4 Tips to Help College Grads Buy a Great Vehicle

Buying a car doesn't have to break the bank, and grads should factor insurance, fuel and maintenance costs into their purchase decision.

Congratulations, college graduates! You're all set to enter the job market, but do you have what it takes to get to and from interviews or work? It might be time to move on from worn-out, hand-me-down vehicles for your fresh start in life.

"Safety ratings and affordability are important considerations when it comes to purchasing a vehicle, but you should also know that you'll need to budget for additional costs in your monthly expenses once you become an owner," says "The Complete Idiot's Guide to Buying or Leasing a Car" author Jack R. Nerad.

Buying a car doesn't have to break the bank, and grads should factor insurance, fuel and maintenance costs into their purchase decision.

Here are four things to consider when shopping for a car.

1. Vehicle safety: Vehicle safety ratings are evaluated based on crashworthiness and crash preventability.

The National Highway Traffic Safety Administration (NHTSA) has a 5-Star Ratings program, with more stars meaning the vehicle is safer, while the Insurance Institute of Highway Safety (IIHS) tests vehicles for crashworthiness, and crash avoidance and mitigation.

"I recommend looking at both the IIHS and NHTSA ratings to identify vehicles that are crashworthy and, importantly, have equipment that will help drivers avoid a crash, which is preferable to surviving one," says Nerad.

Many modern vehicles are equipped with Adaptive Driver Assistance Systems like lane departure warning, blind spot information systems, and braking assistance technology to help prevent a collision or lessen its severity.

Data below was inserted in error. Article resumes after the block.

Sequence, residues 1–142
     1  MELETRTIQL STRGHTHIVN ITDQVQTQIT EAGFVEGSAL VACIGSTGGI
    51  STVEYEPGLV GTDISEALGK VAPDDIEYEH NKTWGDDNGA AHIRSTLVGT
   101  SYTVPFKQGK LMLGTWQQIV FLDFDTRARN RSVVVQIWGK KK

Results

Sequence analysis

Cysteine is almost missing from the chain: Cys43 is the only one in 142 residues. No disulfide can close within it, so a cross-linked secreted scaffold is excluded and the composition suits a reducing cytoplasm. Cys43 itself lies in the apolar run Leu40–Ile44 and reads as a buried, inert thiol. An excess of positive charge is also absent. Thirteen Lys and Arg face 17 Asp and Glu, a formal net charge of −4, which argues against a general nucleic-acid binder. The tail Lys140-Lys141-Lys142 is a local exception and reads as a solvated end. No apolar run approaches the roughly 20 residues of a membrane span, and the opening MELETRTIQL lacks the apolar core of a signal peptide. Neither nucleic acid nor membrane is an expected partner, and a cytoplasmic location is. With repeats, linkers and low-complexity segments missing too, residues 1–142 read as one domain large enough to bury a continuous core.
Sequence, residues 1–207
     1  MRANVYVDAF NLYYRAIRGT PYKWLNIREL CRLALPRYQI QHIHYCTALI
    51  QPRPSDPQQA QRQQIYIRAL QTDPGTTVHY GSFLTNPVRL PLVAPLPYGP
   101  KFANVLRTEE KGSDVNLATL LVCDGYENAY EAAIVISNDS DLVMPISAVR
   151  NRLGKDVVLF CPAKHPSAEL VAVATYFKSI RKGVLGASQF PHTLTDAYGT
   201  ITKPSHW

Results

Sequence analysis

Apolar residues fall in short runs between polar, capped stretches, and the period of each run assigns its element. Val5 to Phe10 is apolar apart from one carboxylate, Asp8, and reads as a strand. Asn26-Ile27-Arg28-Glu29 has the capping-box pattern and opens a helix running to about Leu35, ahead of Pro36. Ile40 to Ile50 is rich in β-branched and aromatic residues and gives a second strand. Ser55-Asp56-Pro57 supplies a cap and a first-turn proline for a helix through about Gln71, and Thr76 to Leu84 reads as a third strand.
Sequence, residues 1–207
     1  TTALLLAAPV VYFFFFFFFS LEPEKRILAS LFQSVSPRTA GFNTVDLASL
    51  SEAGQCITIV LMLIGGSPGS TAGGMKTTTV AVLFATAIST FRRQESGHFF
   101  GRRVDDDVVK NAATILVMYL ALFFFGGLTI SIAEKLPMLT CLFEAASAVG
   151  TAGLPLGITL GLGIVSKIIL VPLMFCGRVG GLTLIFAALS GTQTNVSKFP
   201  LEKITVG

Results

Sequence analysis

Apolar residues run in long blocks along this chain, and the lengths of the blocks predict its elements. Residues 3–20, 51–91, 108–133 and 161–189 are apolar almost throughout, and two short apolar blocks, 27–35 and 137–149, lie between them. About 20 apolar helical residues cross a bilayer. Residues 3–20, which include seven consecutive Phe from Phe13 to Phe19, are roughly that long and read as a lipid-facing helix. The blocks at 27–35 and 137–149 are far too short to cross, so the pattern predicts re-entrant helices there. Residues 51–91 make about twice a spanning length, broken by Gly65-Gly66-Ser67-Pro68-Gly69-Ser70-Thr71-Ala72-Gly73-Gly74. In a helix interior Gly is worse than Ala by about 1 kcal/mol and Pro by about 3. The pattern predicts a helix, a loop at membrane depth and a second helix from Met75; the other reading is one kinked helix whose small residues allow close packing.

2. Insurance costs: Insurance should be top-of-mind when picking a car because it'll protect you and your vehicle. Its role in the shopping process is two-fold: it can give you a sense of your monthly premium based on the car you select and it also lets you find the right company for your insurance needs ahead of making either purchase.

3. Fuel economy: Fuel is a recurring expense for vehicle owners. A tip to determine how much it'll cost each month is to factor in the size of the vehicle's fuel tank, average miles driven and gas prices. Speeding, rapidly accelerating or braking aggressively burn through fuel at a faster rate, so it's best to follow the speed limit and stay away from aggressive driving behaviors to save money on gas.

4. Maintenance and repairs: Vehicle ownership includes being financially responsible for wear-and-tear and general maintenance, like oil changes, and tire and brake replacement. Owners manuals provide information about recommended services and frequency, and many are available online to help with your car-buying research.

It's a good idea to start a repair fund early on to protect against potential rainy day blues once the manufacturer's warranty expires.

Finding a safe, reliable vehicle will keep you moving forward in life's journey, and these tips will help make it more affordable. Good luck, and enjoy the journey!

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